Mud

Mud1

Movie review by Greg Carlson

Writer-director Jeff Nichols follows his arresting and much admired “Take Shelter” with “Mud,” a Southern Gothic-tinted, Arkansas bildungsroman indebted to hallmark novels including “The Adventures of Tom Sawyer” and “To Kill a Mockingbird.” “Mud” is nowhere near as good as those titles, but the movie’s unhurried pace and detailed identification with its young protagonist balance the busy contrivances that mar the climax. Photographed in Nichols’ home state, “Mud” tells the story of fourteen-year-old Ellis (Tye Sheridan), a houseboat dwelling kid dependent on the river for the precarious livelihood of his family. Dealing with the impending separation of his parents and the pangs of first love, Ellis turns his attention to a mysterious fugitive named Mud (Matthew McConaughey) when he discovers the outlaw living in a derelict boat stuck high in the branches of a tree.

Nichols believably pinpoints the intersection of hope and desperation in the charismatic McConaughey, who is perfectly cast and ideally realized as the hungry lawbreaker whose silver tongue and smooth confidence seduce Ellis and Ellis’ close friend Neckbone (Jacob Lofland) into aid and abetment. Mud tells the boys about Juniper (Reese Witherspoon), the woman whose purported victimization at the hands of a brutish lover brought about a miscarriage and the subsequent murder of the man by Mud. Despite being hunted by the dead man’s family and the local authorities, Mud is certain he can restore the boat and make his escape.

Like many coming of age narratives, “Mud” develops a theme addressing the question of what it takes to be a man, and the movie has no shortage of fathers, father figures, and males of various ages working out the codes of honor that are preoccupations of masculinity. Nichols locks on to paternal regulations with gusto, even casting go-to grizzlies Sam Shepard and Joe Don Baker in parallel roles. When it comes to the outnumbered women, Nichols is less certain of himself, and Juniper in particular is frustratingly opaque. Mud’s proximity to Juniper puts him in grave danger, but Ellis – whose own romantic pursuit of the hard-to-read May Pearl (Bonnie Sturdivant) – can only see things in terms of his incomplete teenage notions of chivalry.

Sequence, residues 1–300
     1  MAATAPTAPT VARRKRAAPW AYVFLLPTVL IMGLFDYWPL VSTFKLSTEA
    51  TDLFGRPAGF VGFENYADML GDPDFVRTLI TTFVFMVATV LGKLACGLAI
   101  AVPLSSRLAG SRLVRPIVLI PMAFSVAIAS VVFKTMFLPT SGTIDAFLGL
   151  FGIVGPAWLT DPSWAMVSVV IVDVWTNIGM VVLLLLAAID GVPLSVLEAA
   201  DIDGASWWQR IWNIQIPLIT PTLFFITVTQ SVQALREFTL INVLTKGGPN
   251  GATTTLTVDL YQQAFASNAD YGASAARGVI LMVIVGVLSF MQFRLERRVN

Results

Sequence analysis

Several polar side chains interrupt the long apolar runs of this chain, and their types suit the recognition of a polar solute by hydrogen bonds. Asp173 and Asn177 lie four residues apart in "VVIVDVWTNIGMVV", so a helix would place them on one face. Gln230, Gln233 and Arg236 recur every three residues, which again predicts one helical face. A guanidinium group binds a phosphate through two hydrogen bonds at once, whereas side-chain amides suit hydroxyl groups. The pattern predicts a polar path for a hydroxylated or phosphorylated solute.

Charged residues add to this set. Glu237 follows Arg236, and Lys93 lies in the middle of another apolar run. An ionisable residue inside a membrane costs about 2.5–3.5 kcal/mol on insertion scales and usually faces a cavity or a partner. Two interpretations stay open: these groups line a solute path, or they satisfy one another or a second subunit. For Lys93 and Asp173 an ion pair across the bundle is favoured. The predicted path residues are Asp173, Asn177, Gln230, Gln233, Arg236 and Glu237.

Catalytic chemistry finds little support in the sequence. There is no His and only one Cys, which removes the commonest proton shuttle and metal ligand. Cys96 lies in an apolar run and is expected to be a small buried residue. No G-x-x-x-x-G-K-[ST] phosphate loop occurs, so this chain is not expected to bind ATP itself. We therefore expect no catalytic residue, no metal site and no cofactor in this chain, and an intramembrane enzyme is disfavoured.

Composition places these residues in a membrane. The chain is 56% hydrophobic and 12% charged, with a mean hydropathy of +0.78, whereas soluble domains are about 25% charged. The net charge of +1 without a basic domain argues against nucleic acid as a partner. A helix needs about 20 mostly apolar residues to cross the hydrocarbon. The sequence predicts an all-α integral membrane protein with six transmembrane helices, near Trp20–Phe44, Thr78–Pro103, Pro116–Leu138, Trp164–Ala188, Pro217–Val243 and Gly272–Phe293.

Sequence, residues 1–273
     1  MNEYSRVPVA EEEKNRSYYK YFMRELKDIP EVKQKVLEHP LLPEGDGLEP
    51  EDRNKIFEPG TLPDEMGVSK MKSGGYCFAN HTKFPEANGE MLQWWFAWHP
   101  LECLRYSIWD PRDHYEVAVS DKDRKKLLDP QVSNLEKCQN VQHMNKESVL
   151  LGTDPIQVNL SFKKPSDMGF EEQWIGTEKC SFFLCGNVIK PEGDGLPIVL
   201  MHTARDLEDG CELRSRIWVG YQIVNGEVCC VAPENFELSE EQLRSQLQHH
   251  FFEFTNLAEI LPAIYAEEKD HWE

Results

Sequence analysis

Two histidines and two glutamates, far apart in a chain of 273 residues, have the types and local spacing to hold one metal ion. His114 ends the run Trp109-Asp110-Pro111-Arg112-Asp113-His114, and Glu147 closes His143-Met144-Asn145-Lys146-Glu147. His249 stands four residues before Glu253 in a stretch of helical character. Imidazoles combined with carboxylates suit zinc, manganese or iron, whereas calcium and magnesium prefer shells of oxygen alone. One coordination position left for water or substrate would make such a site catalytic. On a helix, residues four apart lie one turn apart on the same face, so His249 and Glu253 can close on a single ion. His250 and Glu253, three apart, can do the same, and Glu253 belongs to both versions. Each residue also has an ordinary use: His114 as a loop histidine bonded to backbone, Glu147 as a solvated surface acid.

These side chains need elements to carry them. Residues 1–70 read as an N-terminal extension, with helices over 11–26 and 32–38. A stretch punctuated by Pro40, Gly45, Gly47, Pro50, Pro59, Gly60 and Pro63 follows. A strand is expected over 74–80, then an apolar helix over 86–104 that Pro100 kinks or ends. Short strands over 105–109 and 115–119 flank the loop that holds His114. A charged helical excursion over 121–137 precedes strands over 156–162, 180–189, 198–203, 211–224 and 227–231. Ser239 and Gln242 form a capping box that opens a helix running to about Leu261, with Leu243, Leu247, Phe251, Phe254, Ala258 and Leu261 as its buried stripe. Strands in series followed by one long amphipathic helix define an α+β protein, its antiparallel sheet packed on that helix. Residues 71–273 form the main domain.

Even if the film’s female characters are underserved and, as noted by Kimberly Jones, exist only in their relation to men, “Mud” understands the possibility that the gullibility and earnestness of youth can lead to situations in which kids are used by grown-ups. Nichols’ conclusion is ambivalent on the extent to which Mud has taken advantage of Ellis and Neckbone, even though that question is at one point directly raised. The ambiguity of some child-adult relationships can make one’s heart ache as innocence gives way to experience, and Nichols captures the feeling.

The wild, violent conclusion of the movie will feel out of step for some of the viewers who appreciate the finely observed repetition of Ellis’ smallish, hardscrabble day-to-day. The economics of small town De Witt, Eudora, and the surrounding communities are not nearly as dire and catastrophic as Hushpuppy’s environs in “Beasts of the Southern Wild,” but both movies touch on the possibility that their young heroes and heroines are flirting with the epiphany that the world is much bigger than previously imagined.

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